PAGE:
The UIL girls basketball playoffs begin Monday and area coaches are trying to figure a formula that will lead to Austin for the state tournament.
Some coaches have more ingredients to work with than others, though. While a hot hand from the perimeter can win a couple of games, a dominating center can take over a string of games and carry a team to Austin.
No other player in the area epitomizes how an imposing presence in the paint can bring a team together more than Arlington Lamar's Janay Keys. The 6-foot-1 junior center missed the first half of the season while recovering from a knee injury.
The Vikings (22-12) were already competitive thanks to speedy point guard Brooke Grant spreading the ball around between three other guards, all of whom averaged in double figures. Since Keys returned to the lineup during the holiday break, Lamar has simply been nasty.
The Vikings closed the regular season with nine consecutive wins, good enough for second place in District 4-5A.
"She rebounds well, can shoot the 10-foot jump shot which means we can also play her at the high post which opens up the lane for cutters," Lamar coach Errin Levels said. "Defensively, just her ability to move so well at her size provides a big presence."
Keys' all-around game makes Lamar 10 points a game better than without her.
"I think we still have a lot to learn," said Keys, who leads the team in scoring, rebounds and blocks. "We have been playing some really good basketball, but we can bring more. We're tougher than people think we are."
Lamar faces San Angelo Central (16-12) in Tuesday's bi-district playoff at Tuscola Jim Ned High School.
Arlington Bowie (27-6) has an impressive post player of its own. Ashley Ferguson rounds out the Lady Volunteers' roster much the same as Keys does for Lamar.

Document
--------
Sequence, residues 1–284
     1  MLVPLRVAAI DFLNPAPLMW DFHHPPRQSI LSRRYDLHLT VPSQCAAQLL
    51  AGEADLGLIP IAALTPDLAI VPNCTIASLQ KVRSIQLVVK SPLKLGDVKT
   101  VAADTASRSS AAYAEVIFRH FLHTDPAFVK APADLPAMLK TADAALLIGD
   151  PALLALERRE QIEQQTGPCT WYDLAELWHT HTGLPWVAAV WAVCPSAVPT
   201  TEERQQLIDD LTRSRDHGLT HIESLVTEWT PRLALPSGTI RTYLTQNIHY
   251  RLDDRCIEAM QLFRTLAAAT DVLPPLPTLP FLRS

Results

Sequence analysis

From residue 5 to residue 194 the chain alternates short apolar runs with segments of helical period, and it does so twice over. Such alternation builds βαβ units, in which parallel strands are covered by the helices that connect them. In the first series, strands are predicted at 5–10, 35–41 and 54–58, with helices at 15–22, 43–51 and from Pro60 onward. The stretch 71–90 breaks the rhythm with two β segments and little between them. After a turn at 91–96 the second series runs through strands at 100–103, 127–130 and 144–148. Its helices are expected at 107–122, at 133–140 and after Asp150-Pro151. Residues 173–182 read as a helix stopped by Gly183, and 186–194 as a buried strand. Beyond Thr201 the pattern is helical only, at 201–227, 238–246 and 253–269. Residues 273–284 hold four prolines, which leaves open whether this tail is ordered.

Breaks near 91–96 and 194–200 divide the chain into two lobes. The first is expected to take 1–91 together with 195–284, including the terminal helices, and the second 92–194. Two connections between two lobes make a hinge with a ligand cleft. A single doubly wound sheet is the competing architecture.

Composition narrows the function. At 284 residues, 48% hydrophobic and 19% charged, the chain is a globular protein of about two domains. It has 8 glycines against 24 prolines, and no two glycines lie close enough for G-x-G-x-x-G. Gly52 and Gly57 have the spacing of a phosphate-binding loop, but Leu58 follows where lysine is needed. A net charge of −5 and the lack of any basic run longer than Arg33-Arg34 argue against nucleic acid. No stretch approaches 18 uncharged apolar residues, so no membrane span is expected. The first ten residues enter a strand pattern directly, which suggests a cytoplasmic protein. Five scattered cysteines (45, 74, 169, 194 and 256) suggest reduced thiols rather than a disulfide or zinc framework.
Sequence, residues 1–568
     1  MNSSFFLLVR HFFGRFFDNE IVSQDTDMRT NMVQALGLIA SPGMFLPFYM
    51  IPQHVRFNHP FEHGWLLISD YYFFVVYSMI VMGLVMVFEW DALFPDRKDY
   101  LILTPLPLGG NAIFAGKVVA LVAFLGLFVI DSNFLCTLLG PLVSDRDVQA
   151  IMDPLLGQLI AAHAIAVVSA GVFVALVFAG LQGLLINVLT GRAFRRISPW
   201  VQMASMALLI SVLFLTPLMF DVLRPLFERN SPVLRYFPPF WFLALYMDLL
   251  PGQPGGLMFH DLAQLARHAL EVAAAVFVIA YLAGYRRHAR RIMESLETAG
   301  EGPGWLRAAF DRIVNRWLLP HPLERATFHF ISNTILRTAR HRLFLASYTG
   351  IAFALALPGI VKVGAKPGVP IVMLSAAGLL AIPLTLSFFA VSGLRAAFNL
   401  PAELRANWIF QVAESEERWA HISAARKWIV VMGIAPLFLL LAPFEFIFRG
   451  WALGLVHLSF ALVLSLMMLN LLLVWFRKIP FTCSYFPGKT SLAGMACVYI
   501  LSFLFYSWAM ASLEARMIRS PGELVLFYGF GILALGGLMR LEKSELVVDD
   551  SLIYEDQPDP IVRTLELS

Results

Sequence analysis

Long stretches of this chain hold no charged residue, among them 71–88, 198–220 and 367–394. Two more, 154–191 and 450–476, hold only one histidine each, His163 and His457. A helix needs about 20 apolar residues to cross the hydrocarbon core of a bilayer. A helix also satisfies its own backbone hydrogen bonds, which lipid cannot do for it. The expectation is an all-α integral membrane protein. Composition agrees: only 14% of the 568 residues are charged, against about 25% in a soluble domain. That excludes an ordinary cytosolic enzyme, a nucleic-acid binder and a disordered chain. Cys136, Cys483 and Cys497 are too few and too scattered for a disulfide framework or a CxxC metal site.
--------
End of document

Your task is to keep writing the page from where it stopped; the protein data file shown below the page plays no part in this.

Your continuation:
As Bowie prepares for Tuesday's first-round matchup against Odessa Permian, the Volunteers know they have a big advantage in Ferguson. The 6-1 junior averages a double-double in points and rebounds, shoots over 50 percent from the field and excels on the offensive glass.
"Ashley is a huge advantage on the floor," Bowie coach Kelly Carruthers said. "She has great hands, a soft touch on her shot, can finish in the paint."
Granbury boasts not only one of the top centers in the area, but one of the best players in school history. Coach Leta Andrews, who has more than 1,300 career victories, recently said that 6-3 center Lilley VanderZee is already one of the top five players she has ever coached.
VanderZee ranks at the top or in the top three in the area in points (20), rebounds (11) and blocks (3) per game and led the Pirates (25-7) to a second-place finish in a competitive District 7-4A.
"She's a tower inside on defense which allows us to play pressure defense and if they beat us out there they have to deal with Lilley inside," Andrews said. "On offense, they always put at least two girls on her which helps other people get open at times. She really makes a difference and is overall a really nice ballplayer."
VanderZee is also capable of putting up monster scoring nights, which the Pirates will need if they are going to make a deep run. The junior has scored 30 or more points five times this season, including a season-high 42 against Fort Worth Trimble Tech on Nov. 19.
Colleyville Heritage post Artavia Ford held VanderZee to only eight points in a 39-36 victory for the Panthers on Nov. 21. The 6-2 sophomore is just now discovering what she can do with her large frame and athleticism, but Heritage (21-10) needs her to step up in order to succeed this postseason.
Ford leads the Panthers in rebounding and blocks and is second in scoring.
"She definitely alters people's shots if they drive and she's a big rebounder," Heritage coach Dianna Sager said. "When she fights for a position and decides she wants a rebound, there's nobody in the gym who's going to get it. Also, if you give up the lob to her we'll take it all day long."
Heritage, second in District 6-5A, opens up the playoffs against Mansfield Timberview on Monday at Lamar High School.